On Sunday I narrowly escaped teaching the Mia Maids the "Making Wise Choices" lesson.
I've taught this lesson before and actually, I like it. Three years ago I offered the girls a choice between a fresh nectarine and a rotten nectarine. Easy choice. Then a choice between the fresh nectarine and a bag of candy. Not such an easy choice, until you think about goals and consequences. Then we went on to talk about all the factors and strategies that go into making good choices when they are not so easy and obvious.
But this time I was woefully unprepared. No nectarines, fresh or rotten, or candy to be found in the house, and it was fast Sunday, anyhow. I was actually sitting in Sunday School, my parents beside me to witness my state of unpreparedness, trying to recall all the things we talked about in my three-years-ago Wise Choices lesson and write them down on a notepad otherwise filled with choo-choo trains and stick figure battles, the remnants of a sacrament meeting where the kids behaved astonishingly well. (It helps to have extra hands - I love grandparents!)
It turned out that we had a guest teaching a combined Young Men/Young Women lesson. I was off the hook. We also had a combined priesthood meeting/Relief Society lesson. The topic was "Teaching Your Children Responsibility." It was good, nothing new, but good reminders about charts and consequences and more Love and Logic type stuff, which I totally believe in and subscribe to but don't always implement too well.
Mainly this led me to ponder on the choices that currently affect me the most: having four children at home, and having a full-time job.
Right now I feel like these two choices are constantly at odds. The kind of family life I want is simply incompatible with full-time employment.
I can't stand the rushing and the chaos.
I can't stand it that I actually resent a child who refuses to open his mouth at the dentist after an hour-long sojourn in the waiting room, making for three hours total off work, counting pick up and drop off at daycare.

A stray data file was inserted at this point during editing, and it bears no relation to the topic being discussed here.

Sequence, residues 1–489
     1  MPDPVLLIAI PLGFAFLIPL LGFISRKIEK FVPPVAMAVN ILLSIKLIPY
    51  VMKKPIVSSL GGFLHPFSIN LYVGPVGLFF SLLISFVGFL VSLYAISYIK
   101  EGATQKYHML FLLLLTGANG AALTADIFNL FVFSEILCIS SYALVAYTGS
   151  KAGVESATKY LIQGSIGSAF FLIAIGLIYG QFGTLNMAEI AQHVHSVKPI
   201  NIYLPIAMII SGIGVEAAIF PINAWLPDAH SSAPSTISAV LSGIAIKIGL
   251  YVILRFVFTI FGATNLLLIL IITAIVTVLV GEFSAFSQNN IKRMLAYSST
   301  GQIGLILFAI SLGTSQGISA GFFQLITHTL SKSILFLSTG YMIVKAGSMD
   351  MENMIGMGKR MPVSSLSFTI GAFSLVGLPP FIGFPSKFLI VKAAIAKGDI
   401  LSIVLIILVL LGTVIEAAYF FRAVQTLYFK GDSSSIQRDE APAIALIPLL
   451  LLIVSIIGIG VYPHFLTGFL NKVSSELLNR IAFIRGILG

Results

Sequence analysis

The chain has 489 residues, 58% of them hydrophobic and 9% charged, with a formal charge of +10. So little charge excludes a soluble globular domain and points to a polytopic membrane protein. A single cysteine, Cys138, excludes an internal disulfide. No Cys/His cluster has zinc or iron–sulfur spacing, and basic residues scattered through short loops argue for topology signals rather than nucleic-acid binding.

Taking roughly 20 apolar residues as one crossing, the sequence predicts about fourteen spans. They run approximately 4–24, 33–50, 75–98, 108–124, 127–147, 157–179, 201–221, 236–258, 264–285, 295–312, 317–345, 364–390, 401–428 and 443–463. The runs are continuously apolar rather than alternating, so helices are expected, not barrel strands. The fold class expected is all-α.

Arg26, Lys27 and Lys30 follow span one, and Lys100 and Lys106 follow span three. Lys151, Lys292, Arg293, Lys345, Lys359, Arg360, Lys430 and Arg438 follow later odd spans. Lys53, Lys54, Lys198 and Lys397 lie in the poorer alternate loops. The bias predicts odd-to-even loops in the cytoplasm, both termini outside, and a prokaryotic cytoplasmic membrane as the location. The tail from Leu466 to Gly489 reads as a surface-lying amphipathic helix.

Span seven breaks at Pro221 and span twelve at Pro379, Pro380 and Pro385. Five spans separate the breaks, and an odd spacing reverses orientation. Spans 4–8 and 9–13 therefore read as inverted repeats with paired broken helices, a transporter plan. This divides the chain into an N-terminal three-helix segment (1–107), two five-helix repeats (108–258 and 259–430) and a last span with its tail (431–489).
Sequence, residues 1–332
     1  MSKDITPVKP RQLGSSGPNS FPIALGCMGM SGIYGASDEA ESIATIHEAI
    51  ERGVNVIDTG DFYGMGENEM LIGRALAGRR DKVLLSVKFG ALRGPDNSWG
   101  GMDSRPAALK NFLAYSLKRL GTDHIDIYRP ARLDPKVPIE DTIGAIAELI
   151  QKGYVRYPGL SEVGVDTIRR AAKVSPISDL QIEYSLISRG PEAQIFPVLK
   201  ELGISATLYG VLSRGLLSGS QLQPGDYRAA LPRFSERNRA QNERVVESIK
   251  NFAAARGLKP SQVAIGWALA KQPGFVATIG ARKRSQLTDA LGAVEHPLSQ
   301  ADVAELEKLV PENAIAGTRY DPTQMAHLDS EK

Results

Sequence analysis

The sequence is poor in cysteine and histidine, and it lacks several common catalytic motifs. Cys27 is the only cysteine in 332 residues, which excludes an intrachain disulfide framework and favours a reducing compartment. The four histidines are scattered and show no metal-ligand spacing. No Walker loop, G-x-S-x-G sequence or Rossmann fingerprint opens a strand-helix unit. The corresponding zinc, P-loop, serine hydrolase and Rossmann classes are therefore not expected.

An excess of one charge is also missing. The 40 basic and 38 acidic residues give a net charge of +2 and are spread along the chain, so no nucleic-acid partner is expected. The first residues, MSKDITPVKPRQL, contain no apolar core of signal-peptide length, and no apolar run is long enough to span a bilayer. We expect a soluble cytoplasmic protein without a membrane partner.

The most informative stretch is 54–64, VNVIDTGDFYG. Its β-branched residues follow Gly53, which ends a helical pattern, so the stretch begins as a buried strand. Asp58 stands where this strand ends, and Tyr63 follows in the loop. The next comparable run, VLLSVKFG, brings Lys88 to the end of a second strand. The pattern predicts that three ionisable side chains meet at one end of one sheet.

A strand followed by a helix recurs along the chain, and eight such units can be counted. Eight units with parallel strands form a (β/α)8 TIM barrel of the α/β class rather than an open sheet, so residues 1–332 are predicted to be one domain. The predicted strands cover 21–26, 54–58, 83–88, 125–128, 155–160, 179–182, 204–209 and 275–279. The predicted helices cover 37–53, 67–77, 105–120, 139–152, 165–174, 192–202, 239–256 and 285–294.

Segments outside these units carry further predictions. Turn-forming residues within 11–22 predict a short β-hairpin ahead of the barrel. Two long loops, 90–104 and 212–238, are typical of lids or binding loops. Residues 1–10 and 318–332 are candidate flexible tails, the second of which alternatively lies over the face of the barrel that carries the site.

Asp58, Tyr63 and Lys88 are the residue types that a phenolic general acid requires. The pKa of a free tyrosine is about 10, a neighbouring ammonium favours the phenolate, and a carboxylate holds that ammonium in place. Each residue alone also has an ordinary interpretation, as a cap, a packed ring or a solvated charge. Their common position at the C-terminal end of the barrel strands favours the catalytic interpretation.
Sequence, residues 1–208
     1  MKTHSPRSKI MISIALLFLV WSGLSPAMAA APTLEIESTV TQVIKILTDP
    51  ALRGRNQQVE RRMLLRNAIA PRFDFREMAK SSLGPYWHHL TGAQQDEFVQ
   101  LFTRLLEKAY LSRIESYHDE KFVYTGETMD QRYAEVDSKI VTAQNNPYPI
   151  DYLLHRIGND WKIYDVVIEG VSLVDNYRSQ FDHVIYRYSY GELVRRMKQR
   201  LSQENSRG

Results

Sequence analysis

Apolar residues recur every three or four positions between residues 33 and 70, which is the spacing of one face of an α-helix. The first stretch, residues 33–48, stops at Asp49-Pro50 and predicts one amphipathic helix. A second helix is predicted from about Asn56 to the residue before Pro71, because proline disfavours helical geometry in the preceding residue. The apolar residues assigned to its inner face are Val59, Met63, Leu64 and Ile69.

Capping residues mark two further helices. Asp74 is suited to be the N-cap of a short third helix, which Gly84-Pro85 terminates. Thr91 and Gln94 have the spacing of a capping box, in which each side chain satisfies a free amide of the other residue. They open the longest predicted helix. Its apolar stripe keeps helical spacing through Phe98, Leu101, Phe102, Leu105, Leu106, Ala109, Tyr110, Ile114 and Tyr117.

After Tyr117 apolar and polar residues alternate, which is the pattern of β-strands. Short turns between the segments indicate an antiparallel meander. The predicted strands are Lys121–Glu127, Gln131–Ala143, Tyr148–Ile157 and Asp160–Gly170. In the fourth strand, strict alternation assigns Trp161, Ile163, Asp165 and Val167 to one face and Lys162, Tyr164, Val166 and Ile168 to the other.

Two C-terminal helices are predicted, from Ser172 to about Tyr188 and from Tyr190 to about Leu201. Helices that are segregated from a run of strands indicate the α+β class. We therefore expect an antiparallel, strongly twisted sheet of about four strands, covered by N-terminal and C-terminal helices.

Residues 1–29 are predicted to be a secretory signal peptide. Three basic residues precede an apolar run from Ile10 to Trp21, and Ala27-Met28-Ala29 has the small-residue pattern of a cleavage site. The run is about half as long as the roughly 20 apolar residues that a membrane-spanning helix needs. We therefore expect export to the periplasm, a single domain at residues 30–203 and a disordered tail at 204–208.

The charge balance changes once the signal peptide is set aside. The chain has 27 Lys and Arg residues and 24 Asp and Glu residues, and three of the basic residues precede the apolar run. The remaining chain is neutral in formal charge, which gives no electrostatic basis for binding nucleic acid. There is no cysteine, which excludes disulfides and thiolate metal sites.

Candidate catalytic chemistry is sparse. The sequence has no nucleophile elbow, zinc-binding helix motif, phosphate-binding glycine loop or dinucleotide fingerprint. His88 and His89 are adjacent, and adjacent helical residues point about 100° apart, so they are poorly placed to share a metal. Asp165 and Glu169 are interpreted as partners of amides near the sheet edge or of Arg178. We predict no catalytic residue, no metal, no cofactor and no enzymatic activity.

I can't stand forgetting to send lunch money and getting the call from the cafeteria that a child is getting the bare-minimum "my mom is a loser" lunch and being unable to do anything about it.
I can't stand being unable to sit down and play with the child who is driving me nuts (yes, still) and remind myself that I do in fact love him.
I can't stand cramming every errand and activity into Saturday, and still being completely unprepared for the sabbath.
I can't stand having great ideas for family home evening and job charts and rewards and fun times together, but being completely incapable of implementing them.
I can't stand these questions:
"Can you bring the fish to my class?"
"Can you help with the book fair?"
"Why can't we be home schooled?"
In three years and three months, I've never wanted to quit my job. I've loved it. I've worried that I would mourn too hard if or when it was time to leave it. Suddenly that has changed, which is just weird. A corner turned.
When G and I switched keys today, I told him it's enough. We need to live someplace where we can live on one income. I love California, but this is ridiculous.
I hope that if I get to be a stay-at-home mom again, I will do it better - will be more motivated and organized and confident. I think when I did it before, I wasted a lot of that gift.
Now taking nominations for locations where a multiracial family can live in an open society on one Ph.D. salary. And if possible, enjoy fabulous fresh local produce and proximity to both mountains and ocean. *sniff!*